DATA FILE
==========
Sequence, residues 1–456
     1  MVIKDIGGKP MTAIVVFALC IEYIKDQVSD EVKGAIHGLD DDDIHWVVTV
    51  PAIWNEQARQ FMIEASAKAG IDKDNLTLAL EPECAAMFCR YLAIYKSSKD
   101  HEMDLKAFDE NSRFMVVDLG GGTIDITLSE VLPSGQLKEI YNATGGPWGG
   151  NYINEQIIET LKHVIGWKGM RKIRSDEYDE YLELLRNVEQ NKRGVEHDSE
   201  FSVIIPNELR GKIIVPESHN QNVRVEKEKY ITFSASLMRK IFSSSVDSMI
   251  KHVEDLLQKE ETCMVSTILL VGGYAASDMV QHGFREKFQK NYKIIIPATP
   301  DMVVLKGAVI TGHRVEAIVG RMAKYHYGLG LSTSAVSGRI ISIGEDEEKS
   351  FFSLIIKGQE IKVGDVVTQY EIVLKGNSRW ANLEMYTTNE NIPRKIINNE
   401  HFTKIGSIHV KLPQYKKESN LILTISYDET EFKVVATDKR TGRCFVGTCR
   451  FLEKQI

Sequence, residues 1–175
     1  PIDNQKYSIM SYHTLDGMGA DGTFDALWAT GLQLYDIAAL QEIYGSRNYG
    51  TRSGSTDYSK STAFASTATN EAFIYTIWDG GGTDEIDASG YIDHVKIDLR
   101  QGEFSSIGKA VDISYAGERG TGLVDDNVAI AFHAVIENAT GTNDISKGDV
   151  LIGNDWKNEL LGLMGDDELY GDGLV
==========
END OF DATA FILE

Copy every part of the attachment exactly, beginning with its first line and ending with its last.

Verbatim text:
Sequence, residues 1–456
     1  MVIKDIGGKP MTAIVVFALC IEYIKDQVSD EVKGAIHGLD DDDIHWVVTV
    51  PAIWNEQARQ FMIEASAKAG IDKDNLTLAL EPECAAMFCR YLAIYKSSKD
   101  HEMDLKAFDE NSRFMVVDLG GGTIDITLSE VLPSGQLKEI YNATGGPWGG
   151  NYINEQIIET LKHVIGWKGM RKIRSDEYDE YLELLRNVEQ NKRGVEHDSE
   201  FSVIIPNELR GKIIVPESHN QNVRVEKEKY ITFSASLMRK IFSSSVDSMI
   251  KHVEDLLQKE ETCMVSTILL VGGYAASDMV QHGFREKFQK NYKIIIPATP
   301  DMVVLKGAVI TGHRVEAIVG RMAKYHYGLG LSTSAVSGRI ISIGEDEEKS
   351  FFSLIIKGQE IKVGDVVTQY EIVLKGNSRW ANLEMYTTNE NIPRKIINNE
   401  HFTKIGSIHV KLPQYKKESN LILTISYDET EFKVVATDKR TGRCFVGTCR
   451  FLEKQI

Sequence, residues 1–175
     1  PIDNQKYSIM SYHTLDGMGA DGTFDALWAT GLQLYDIAAL QEIYGSRNYG
    51  TRSGSTDYSK STAFASTATN EAFIYTIWDG GGTDEIDASG YIDHVKIDLR
   101  QGEFSSIGKA VDISYAGERG TGLVDDNVAI AFHAVIENAT GTNDISKGDV
   151  LIGNDWKNEL LGLMGDDELY GDGLV